The Greenlight blog shares the latest, original, forward-looking research by UC Davis on sustainable transportation, energy and climate-related challenges facing society. The blog highlights fact-based, data driven analysis and expert insights on the scientific, commercial, technological, environmental and societal issues related to the future of fuels, mobility and energy efficiency. Through this blog, workshops and publications, UC Davis seeks to inform and elevate public dialogue on government policy and business strategy.
Welcome to GreenLight, blog of the UC Davis Institute of Transportation Studies, Energy Institute, Energy Efficiency Center, Policy Institute for Energy, Environment and the Economy—and affiliated centers and programs. Here you will find news on the latest research conducted by our affiliated faculty and research members, along with our graduate students. Our aim is to inform government and industry decision-making regarding vehicles, fuels, infrastructure, and mobility on key sustainable transportation and energy issues. Please explore, share, and comment on issues you find insightful or interesting.
The photo above shows West Village, the zero net energy community which is home to many of our transportation and energy research centers and institutes.
-Daniel Sperling, Professor and Director, ITS-Davis and the Energy Institute
GreenLight Blog: Is Natural Gas the Transition Fuel for Hydrogen?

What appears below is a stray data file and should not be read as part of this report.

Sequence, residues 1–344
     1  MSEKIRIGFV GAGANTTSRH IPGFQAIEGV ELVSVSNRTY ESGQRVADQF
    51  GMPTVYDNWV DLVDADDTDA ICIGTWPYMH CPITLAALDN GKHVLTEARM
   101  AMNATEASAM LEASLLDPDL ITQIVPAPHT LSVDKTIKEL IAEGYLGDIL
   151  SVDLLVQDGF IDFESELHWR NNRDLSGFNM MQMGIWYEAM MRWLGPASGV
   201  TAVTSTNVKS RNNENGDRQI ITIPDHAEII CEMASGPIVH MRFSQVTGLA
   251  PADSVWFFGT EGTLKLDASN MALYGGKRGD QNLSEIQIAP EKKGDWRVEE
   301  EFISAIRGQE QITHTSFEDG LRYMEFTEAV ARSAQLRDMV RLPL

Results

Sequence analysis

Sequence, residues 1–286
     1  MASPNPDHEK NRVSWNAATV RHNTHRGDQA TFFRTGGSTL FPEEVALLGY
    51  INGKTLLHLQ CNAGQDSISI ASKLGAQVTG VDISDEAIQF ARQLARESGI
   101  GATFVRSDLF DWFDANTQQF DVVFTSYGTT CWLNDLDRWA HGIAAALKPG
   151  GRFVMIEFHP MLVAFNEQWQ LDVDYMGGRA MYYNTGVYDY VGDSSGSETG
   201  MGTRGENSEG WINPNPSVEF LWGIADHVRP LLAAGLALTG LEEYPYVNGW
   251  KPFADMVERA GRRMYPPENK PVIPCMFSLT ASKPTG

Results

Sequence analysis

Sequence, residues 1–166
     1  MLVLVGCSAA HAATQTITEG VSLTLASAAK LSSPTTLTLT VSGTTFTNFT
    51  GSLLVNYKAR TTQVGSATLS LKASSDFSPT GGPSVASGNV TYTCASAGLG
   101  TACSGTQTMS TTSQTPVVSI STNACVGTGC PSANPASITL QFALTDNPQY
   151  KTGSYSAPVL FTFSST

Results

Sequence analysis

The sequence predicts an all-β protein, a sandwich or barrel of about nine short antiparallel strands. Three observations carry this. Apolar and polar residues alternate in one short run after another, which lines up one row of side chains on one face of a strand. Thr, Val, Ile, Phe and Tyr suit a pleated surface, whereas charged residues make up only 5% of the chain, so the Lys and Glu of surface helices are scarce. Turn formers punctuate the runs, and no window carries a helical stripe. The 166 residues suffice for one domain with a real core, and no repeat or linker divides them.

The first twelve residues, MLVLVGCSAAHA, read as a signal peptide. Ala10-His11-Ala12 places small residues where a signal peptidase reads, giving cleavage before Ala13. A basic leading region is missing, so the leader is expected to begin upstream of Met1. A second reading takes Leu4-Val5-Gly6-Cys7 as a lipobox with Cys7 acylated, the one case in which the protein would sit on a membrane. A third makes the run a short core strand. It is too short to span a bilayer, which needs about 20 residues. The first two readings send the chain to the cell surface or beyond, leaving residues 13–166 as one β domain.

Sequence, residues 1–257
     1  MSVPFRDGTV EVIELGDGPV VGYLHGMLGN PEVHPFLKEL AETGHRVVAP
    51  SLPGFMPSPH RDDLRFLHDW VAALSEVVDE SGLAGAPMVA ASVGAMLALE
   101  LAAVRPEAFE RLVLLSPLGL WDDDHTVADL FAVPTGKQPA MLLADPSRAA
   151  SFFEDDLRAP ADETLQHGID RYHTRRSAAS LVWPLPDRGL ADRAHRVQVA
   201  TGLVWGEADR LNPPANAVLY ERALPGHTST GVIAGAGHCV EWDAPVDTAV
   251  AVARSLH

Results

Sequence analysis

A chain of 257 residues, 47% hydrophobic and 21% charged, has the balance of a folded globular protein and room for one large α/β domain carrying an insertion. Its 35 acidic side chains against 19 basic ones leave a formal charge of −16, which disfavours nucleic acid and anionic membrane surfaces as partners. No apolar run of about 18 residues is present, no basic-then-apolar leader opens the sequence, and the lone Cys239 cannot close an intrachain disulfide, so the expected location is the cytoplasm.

Automakers and Policymakers may be on a Path to Electric Vehicles; Consumers Aren’t
The transportation world is moving towards an electric future. More EVs are available than ever before. Leading global automakers are pledging to transition to cleaner electric fleets. Entire countries are planning to phase out fossil-fuel vehicles, thereby lowering harmful emissions that are detrimental to human health.
Three transportation revolutions are in sight, and together, they could help reduce traffic, improve safety, improve livability, and eventually save trillions of dollars each year and reduce urban transportation carbon dioxide emissions by 80 percent or more worldwide by 2050. Our new report from the Sustainable Transportation Energy Pathways (STEPS) program of ITS-Davis, done in cooperation with the Institute for Transportation & Development Policy and released May 3rd, tells us how.
I spent only two days in Marrakech for the 22nd annual United Nations Climate Change Conference – “COP22.” But it was enough to see that a) the commitment of countries and participants is still very high despite the results of the U.S. election, and b) the excitement of the Paris Agreement last year has given way to work “in the trenches” – the slow process of developing national CO2 targets and strategies to meet those targets, as per the commitments made under the agreement.